Not A Dream, But A Nightmare
The Black experience in the United States cannot be compared to refugees and others who have come to the United States from other countries seeking the American dream. African Americans did not come through Ellis Island. We came on ships called Antelope, Clotilde (landed at Mobile, AL), Elizabeth, Tecora, Hope, and others. There were more than forty-four ships involved in the African Slave Trade that sailed to Europe, the Caribbean, and the United States.
Our arrival to the “New World”, beginning in 1619, did not receive rapturous applause from those who had come from Europe as Pilgrims, eventually forcing Native Americans to surrender their land. Rather, we were brought here as savage beasts, hard labor to build the infrastructure of a burgeoning nation, to supply free labor for the plantation system that was primarily in the South, the industrial revolution in the North, and the expansion in the West. Our presence in the United States is not by accident, but was a part of a well thought-out plan.
There have been moments when our dream of hope for liberation found great success and disappointment. We can point to the Emancipation Proclamation as a good day for slaves. The Dred Scott Decision and Plessy v. Ferguson were times when Supreme Court made decisions that did not benefit our people. Brown v. Board of Education was a major landmark case that broke the walls of segregation in education.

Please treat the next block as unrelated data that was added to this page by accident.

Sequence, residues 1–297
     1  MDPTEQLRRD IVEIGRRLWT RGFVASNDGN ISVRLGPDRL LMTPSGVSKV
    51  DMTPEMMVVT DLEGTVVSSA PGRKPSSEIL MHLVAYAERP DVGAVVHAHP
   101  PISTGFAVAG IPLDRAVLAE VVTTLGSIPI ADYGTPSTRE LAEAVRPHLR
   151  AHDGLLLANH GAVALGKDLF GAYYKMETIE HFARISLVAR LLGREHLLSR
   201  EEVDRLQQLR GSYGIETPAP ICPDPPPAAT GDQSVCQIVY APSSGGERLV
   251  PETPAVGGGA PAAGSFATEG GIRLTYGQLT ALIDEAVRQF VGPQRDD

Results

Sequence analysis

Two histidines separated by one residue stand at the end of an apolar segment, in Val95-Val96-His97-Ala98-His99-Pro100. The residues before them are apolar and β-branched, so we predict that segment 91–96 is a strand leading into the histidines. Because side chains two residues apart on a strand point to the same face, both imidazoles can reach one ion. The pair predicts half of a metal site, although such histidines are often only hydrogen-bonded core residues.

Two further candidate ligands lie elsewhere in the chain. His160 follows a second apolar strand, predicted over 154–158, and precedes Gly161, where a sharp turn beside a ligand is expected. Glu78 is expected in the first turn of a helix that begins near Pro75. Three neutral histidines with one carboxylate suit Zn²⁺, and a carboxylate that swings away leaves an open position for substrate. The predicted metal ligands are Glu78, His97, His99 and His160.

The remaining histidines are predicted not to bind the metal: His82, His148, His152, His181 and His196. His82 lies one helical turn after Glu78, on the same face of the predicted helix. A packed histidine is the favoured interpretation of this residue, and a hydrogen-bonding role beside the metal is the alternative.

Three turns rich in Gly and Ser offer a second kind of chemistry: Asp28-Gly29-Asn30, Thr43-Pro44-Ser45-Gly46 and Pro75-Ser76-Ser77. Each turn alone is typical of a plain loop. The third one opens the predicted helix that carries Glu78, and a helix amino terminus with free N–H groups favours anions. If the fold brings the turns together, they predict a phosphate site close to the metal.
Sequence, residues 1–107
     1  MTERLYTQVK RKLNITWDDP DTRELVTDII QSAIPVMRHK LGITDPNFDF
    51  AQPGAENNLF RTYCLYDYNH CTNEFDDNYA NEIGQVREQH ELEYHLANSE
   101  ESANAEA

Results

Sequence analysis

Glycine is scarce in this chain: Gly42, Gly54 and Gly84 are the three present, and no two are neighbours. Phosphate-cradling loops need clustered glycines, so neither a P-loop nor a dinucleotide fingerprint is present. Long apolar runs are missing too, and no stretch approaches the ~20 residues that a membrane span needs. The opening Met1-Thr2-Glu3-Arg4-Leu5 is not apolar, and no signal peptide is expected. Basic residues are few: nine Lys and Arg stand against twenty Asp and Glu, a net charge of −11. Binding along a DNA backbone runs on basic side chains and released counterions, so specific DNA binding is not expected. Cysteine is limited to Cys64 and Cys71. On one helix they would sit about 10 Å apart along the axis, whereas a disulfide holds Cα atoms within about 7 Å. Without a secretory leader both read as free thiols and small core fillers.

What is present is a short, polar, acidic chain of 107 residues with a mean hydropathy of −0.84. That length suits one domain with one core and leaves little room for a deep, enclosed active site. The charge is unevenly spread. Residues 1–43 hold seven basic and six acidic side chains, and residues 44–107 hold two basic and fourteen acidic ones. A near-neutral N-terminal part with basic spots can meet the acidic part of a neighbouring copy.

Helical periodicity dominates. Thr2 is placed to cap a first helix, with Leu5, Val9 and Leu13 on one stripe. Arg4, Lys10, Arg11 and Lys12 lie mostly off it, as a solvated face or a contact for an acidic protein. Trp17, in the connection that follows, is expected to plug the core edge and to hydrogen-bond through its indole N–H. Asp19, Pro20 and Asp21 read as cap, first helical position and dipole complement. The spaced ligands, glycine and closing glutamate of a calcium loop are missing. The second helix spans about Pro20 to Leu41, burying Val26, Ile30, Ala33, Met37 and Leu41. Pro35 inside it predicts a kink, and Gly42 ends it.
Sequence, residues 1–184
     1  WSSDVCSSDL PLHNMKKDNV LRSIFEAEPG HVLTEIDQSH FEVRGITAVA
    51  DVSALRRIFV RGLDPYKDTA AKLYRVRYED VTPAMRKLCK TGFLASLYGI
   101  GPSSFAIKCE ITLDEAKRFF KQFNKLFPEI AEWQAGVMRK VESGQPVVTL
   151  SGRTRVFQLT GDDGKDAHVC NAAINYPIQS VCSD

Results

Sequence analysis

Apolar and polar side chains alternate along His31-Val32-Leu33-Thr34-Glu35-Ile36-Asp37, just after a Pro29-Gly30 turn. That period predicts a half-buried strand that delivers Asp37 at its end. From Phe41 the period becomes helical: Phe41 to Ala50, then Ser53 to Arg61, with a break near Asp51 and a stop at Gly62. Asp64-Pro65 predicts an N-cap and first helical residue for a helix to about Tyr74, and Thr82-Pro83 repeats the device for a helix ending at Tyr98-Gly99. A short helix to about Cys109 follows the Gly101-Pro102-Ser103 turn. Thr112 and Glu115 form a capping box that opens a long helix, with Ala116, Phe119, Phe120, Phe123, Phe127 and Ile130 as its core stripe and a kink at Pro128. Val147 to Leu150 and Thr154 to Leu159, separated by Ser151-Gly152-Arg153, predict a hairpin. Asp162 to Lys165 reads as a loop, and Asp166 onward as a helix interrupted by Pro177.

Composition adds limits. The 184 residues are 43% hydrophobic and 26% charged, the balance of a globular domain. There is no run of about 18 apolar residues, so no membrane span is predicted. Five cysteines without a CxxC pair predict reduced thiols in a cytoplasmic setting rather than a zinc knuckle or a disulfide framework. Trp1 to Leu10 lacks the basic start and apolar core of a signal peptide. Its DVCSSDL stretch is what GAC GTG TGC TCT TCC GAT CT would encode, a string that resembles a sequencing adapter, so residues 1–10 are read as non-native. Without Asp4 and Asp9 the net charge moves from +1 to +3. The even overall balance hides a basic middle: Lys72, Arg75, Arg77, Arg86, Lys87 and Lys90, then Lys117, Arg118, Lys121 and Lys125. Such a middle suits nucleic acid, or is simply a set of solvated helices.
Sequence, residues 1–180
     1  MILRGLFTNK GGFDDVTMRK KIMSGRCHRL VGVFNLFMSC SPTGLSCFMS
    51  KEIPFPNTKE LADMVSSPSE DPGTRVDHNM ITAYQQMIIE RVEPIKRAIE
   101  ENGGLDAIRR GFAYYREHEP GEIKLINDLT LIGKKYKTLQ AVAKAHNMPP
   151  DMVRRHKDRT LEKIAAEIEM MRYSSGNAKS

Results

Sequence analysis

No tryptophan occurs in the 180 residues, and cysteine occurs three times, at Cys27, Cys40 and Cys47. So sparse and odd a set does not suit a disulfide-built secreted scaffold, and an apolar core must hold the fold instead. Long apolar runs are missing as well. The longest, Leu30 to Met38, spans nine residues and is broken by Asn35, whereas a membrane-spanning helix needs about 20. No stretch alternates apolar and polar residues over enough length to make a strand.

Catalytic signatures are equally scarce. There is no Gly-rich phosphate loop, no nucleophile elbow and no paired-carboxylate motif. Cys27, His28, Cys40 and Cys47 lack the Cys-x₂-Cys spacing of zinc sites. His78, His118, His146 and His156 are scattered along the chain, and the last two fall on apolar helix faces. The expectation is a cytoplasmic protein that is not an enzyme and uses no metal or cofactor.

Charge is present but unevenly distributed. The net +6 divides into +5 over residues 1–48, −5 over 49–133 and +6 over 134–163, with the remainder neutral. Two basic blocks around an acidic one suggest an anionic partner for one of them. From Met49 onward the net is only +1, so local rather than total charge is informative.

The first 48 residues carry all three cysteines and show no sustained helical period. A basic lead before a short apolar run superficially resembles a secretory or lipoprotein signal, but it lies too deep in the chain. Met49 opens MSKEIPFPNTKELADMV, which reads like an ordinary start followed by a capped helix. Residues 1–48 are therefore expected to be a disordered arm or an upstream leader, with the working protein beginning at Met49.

Slave revolts, the Underground Railroad, the Civil Rights Movement, Civil Rights Act, and Voting Rights Act opened the door wider for the election of African Americans to congress, state and municipal offices. We saw the appointment of Thurgood Marshall to the Supreme Court, the election of Barack Obama as the 44th President of the United States, and so many others significant successes.
Yet, much of our successes in this nation did not come easy. We have had many nightmare experiences. Many sacrificed their lives. Children and adults protested and were jailed. Churches and homes bombed. Properties were destroyed. Poll taxes and gerrymandering made the right to vote challenging and impossible. The dream of the slave became a nightmare as we struggled for equality. Desegregation has become, for the most part, segregation again as White flight left major urban communities.
Despite the harsh treatment, we cannot surrender hope to fear. As our ancestors have taught us, we must “march on till victory is won.” Two institutions continue to be the major source of strength for us. Our families nurture and protect us. Our faith sustains us. When we neglect the value of family, we are doomed. When we neglect the importance of our faith, we are doomed.
Our ancestors did not neglect their struggles, but mustered the necessary strength to fight the good fight. We have not fully actualized or experienced the American Dream. Today, we commit ourselves to rolling up our sleeves, digging in deep, praying with earnest fervor, and trust God for more successes and victories. “Deep in my heart, I do believe; we shall overcome someday.” Amen.